MReport May 2018

TheMReport — News and strategies for the evolving mortgage marketplace.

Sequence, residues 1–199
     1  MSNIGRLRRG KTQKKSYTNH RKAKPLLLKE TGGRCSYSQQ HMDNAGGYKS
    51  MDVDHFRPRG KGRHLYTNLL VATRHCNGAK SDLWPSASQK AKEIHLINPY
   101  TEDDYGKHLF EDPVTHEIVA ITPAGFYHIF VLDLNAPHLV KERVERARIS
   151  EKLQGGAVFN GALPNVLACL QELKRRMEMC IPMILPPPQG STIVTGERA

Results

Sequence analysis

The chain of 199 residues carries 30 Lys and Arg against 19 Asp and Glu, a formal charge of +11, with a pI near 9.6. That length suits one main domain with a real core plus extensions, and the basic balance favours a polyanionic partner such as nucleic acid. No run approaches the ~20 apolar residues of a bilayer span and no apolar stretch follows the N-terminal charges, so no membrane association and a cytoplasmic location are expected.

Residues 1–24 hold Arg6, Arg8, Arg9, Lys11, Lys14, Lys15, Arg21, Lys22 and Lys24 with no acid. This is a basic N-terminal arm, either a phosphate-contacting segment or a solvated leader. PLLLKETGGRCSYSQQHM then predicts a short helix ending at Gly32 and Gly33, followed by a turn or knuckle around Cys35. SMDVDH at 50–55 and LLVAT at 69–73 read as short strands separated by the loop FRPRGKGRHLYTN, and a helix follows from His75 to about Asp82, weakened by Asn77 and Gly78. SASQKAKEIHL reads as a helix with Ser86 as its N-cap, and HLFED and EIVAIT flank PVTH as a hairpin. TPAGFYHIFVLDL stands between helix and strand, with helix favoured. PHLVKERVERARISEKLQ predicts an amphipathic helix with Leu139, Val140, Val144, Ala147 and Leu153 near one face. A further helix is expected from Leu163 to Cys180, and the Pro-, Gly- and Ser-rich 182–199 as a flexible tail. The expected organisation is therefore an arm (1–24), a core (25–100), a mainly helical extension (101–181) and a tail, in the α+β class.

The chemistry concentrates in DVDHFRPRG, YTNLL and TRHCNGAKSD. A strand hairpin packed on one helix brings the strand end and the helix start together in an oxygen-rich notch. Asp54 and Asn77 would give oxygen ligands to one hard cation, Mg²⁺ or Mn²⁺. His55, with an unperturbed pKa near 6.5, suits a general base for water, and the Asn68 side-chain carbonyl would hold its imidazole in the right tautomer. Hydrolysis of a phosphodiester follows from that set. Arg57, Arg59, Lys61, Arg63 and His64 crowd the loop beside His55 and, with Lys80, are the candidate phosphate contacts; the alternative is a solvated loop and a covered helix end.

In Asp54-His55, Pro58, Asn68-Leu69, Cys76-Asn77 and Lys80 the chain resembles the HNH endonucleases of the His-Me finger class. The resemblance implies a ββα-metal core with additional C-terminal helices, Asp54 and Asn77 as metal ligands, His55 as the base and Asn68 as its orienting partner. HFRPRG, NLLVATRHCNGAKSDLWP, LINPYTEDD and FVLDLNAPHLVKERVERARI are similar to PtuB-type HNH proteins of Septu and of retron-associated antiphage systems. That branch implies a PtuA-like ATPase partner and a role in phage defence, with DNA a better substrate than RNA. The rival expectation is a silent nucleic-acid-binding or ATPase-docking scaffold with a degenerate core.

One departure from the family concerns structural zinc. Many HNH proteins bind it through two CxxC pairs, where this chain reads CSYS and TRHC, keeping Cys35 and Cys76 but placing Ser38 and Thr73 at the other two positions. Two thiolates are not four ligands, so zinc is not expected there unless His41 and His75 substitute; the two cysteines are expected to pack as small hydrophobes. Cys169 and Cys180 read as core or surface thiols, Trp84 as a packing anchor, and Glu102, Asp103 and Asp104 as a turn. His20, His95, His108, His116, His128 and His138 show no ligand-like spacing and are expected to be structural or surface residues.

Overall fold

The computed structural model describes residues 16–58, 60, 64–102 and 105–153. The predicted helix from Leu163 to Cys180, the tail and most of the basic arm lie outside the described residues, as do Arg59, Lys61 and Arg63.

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TH E M R EP O RT | 47 O R I G I NAT I O N S E R V I C I N G DATA G O V E R N M E N T S E C O N DA R Y M A R K E T THE LATEST ORIGINATION An Uneven Balance Aggregate household debt balances have increased higher than the last peak recorded in the third quarter of 2008, even as borrower credit scores decline. M ortgage balances, which form the largest compo- nent of household debt rose substantially, even as median credit scores of newly originating borrowers declined during the last quarter of 2017, according to data from the quar - terly report on Household Debt and Credit released by the New York Federal Reserve. Looking at overall household debt, the report indicated that aggregate household debt bal - ances increased for the fourteenth consecutive quarter to 13.15 trillion by the end of 2017, and were $473 billion higher than the previous peak recorded in the third quarter of 2008 when they touched $12.68 trillion. Household indebtedness increased 1.5 percent from the third quarter of 2017. When it came to mortgage balances, the report found that consumer credit reports stood at $8.88 trillion, an increase of $139 billion from the third quarter of 2017. Balances on HELOCs declined again, by $4 billion and stood at $444 billion at the end of the quarter. According to the report, new extensions for credit also declined slightly in the fourth quarter with mortgage originations, including refinanced mortgages, at $452 bil - lion, down from $479 billion in the previous quarter. The median credit score for mortgage borrowers also declined slightly from 760 to 755 during the last quarter of 2017. The last quarter also saw $452 billion in newly originated mortgage debt, while mortgage delinquencies continued to decline with 1.3 percent of mortgage balances being 90 or more days delinquent in December 2017. The report indicated that delinquency transition rates for current mortgage balances improved with 0.9 percent of current bal - ances transitioning to delinquency. Approximately, 70,000 individuals had a new foreclosure notation added to their credit reports between October 1 and December 31, 2017 according to the report. The Hidden Cost of Homeownership New findings examined homeowner costs that start after their loan is closed and may impact their ability to keep up with their mortgage. A ccording to a survey by personal finance website, Bankrate. com, The average U.S. homeowner spends an average of approximately $2,000 per year on maintenance services alone. The survey found that at least three in five homeowners, or 63 percent, used at least one recur - ring home maintenance provider, while 35 percent used two. The survey asked homeowners about the price they paid to maintain eight programs that included housekeeping, homeowners as - sociation dues, landscaping, home security systems, pool care, snow removal, septic services, and pri- vate trash/recycling collection. At an average monthly cost of $285, housekeeping was the most expensive maintenance cost paid by homeowners, followed by home association dues at $210. The survey found that home security systems ($130) cost only a little more than pool maintenance ($123) per month. "These figures illustrate the hid - den costs of homeownership, and it's important to note they don't include repairs such as a broken refrigerator, washing machine, or air conditioner," said Taylor Tepper, an analyst at Bankrate. com. "These are just ongoing, rou - tine tasks like keeping your house and yard clean." The survey also found that renters paid less for most of these recurring expenses. For renters, housekeeping costs were almost halved at $128 per month, while the average amount spent on home association dues came to $71 per month. Pool maintenance ($70) and landscaping ($61) were also much less than what home - owners paid during a month. However, renters paid more than homeowners for security systems ($142) and septic services ($113). Despite the lower costs, the survey found that only 37 percent renters hired someone to help with any of these tasks. While 20 percent of renters hired some - one for private trash/recycling, 13 percent employed help for landscaping, and 7 percent for housekeeping, spending approxi - mately $550 per year on these amenities. "These figures illustrate the hidden costs of homeownership, and it's important to note they don't include repairs such as a broken refrigerator, washing machine, or air conditioner." — Taylor Tepper, an analyst at

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